I now have textbooks! My new friend, Walter Rudin’s Real and Complex Analysis, has been coming with me most places that I go. It’s quite an awesome book. I love the way he defines pi. “Since cos 0 = 1 and cos is a continuous real function on the real axis, we conclude that there is a smallest positive number t_0 for which cos t_0 = 0. We define pi = 2t_0.” It seems so unnatural but yet so brilliantly in the style of analysis. It made me laugh when I saw it first. I hope he has a lot more definitions like that.
We had a meeting for CCS today, where today is defined as some time less than 24 hours ago since I’m writing this after midnight. That’s all very well, but it’s not so good when someone *cough*Daniel*cough* insists that he take me on a campus tour around 1:20AM. That is, if I’m supposed to have eaten breakfast and be ready to leave for the meeting at 8:15. So I set my alarm clock for 7:00 (I’m sure my roommate was thrilled about that considering his sleep hours are about 3AM to 1PM), woke up at 7, turned off my alarm clock, fell asleep again, and woke up at 8:30. That wasn’t good. No breakfast for Simon. At least the group hadn’t left, although I wouldn’t have had any trouble finding the CCS building considering how many times I have been there since I got here last week. The beginning of the CCS meeting was boring (roughly, we stood around for an hour doing nothing; how disorganized!), so I got through a few pages of Rudin. The math submeeting was more interesting. The professors talked to each other (more or less) for about 20 minutes about algebra and number theory classes. Then Prof. Ryavec had one of the students (not a freshman) present a proof that he had come up with. The problem was to prove that if there are n points in a unit square, then there exists a point P inside the unit square such that the sum of the reciprocals of the distances from P to each of the n points was less than c*n*log(n) for some constant c independent of n. Apparently a very messy proof of this was used in a proof of a more difficult theorem, but Prof. Ryavec wasn’t satisfied with that proof and asked this student if he could come up with a better proof. He presented his proof in five or ten minutes, and it was clearly correct, and it was remarkably simple. It’s hard to believe that this proof wasn’t known before, but I guess it’s possible. If not, congratulations to him! He should publish it. After that problem, Prof. Ryavec presented some unsolved problems and told us not to work on them too much since they were hard.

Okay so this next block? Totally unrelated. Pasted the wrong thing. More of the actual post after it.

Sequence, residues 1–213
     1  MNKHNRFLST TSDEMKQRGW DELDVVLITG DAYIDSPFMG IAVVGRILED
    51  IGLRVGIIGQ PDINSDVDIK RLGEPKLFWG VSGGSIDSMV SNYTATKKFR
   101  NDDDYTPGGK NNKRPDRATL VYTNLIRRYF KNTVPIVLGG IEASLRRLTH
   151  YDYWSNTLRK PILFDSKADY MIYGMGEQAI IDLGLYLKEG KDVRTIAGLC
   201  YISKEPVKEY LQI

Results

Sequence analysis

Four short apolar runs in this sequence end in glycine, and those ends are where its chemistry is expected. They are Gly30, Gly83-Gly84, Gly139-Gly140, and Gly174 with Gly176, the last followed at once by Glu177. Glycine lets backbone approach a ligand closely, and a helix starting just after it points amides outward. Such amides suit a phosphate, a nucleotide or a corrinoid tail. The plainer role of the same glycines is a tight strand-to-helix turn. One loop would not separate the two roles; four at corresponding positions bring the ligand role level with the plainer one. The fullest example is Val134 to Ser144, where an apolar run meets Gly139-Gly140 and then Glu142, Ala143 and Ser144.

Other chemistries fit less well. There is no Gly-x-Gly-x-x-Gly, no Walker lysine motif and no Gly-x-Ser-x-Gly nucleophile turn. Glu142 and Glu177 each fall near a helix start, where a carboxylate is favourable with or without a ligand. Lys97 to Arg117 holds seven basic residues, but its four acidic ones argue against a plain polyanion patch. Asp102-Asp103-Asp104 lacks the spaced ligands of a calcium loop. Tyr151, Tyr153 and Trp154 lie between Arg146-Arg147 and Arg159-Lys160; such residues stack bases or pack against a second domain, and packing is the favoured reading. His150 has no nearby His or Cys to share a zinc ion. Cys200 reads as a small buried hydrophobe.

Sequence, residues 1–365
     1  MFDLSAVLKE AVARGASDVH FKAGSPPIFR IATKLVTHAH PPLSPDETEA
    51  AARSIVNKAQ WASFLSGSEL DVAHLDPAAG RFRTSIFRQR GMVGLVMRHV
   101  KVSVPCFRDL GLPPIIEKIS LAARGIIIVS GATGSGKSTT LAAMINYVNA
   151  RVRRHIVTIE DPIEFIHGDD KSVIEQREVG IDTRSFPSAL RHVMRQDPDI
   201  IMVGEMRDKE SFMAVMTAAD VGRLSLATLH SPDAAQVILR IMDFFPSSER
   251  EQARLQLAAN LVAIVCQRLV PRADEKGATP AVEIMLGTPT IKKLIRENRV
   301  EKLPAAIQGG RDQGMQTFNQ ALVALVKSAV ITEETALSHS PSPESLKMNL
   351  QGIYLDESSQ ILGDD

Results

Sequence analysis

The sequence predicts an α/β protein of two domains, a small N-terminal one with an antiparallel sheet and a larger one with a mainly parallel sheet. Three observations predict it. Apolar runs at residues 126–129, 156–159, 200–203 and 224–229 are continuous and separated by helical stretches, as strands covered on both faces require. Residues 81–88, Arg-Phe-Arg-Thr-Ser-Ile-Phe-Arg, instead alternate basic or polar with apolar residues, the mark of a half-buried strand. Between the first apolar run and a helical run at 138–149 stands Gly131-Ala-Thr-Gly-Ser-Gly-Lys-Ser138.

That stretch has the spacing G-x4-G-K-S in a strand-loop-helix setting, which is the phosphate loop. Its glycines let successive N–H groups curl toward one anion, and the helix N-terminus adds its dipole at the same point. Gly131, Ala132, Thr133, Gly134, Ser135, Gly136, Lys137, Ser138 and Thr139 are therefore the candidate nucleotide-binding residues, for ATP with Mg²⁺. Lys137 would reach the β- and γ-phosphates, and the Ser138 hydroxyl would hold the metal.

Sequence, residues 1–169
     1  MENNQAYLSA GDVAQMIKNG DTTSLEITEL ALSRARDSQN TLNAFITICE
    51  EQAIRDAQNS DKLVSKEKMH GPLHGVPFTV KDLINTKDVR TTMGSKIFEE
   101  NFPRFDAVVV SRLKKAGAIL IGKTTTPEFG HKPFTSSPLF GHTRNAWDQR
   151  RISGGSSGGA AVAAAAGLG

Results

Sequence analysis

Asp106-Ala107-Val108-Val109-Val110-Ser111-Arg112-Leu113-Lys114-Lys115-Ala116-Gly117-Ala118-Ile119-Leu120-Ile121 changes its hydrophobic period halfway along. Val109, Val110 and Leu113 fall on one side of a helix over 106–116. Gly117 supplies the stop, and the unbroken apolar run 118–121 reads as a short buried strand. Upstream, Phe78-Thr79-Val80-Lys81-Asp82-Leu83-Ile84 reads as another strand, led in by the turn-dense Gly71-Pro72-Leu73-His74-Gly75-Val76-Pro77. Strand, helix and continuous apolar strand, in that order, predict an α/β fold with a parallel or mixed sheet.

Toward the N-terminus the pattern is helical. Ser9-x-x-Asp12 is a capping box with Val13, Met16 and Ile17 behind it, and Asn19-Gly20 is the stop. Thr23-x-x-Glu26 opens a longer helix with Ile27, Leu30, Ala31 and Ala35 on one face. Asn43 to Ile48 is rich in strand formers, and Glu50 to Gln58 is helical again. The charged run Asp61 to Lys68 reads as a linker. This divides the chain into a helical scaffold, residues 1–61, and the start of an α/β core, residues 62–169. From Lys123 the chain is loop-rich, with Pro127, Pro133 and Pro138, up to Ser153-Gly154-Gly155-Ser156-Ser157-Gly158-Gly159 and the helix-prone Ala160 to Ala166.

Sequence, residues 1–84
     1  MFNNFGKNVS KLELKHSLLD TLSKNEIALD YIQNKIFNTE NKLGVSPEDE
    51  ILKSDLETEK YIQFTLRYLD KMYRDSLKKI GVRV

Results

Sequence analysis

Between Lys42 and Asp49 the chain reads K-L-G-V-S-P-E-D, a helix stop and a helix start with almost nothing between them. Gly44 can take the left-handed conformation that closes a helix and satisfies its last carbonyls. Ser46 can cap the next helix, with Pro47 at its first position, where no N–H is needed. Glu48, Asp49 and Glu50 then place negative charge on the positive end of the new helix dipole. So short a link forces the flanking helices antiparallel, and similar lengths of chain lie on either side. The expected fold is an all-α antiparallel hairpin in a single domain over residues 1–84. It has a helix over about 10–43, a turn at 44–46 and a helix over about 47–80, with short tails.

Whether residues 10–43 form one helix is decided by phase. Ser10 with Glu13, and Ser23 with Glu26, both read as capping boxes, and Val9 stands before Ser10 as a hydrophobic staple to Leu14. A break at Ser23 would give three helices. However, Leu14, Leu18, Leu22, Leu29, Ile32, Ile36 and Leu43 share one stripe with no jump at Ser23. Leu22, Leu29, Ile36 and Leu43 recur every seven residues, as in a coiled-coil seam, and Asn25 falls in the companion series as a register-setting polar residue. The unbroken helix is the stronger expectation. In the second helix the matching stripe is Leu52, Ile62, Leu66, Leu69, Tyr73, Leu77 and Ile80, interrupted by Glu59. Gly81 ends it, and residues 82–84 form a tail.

In the evening I went to my first service at the UCSB Hillel. There were three separate services: orthodox, conservative, and reform. I chose to go to the conservative one, and it was a nice little service. I can definitely see myself going to the services weekly, as I enjoyed it greatly. Unfortunately, I had no idea how to get back from the synagogue, so I just tried to retrace my vectors as best as my inattentive memory could. I was quite lucky to find a little pathway from Isla Vista into the campus, and then I walked along a path for a while, still without any idea of where I was. Then I saw Snidecor Hall, and that was one of the stops on my first campus tour, so then I knew where I was, and I quickly returned to my dorm.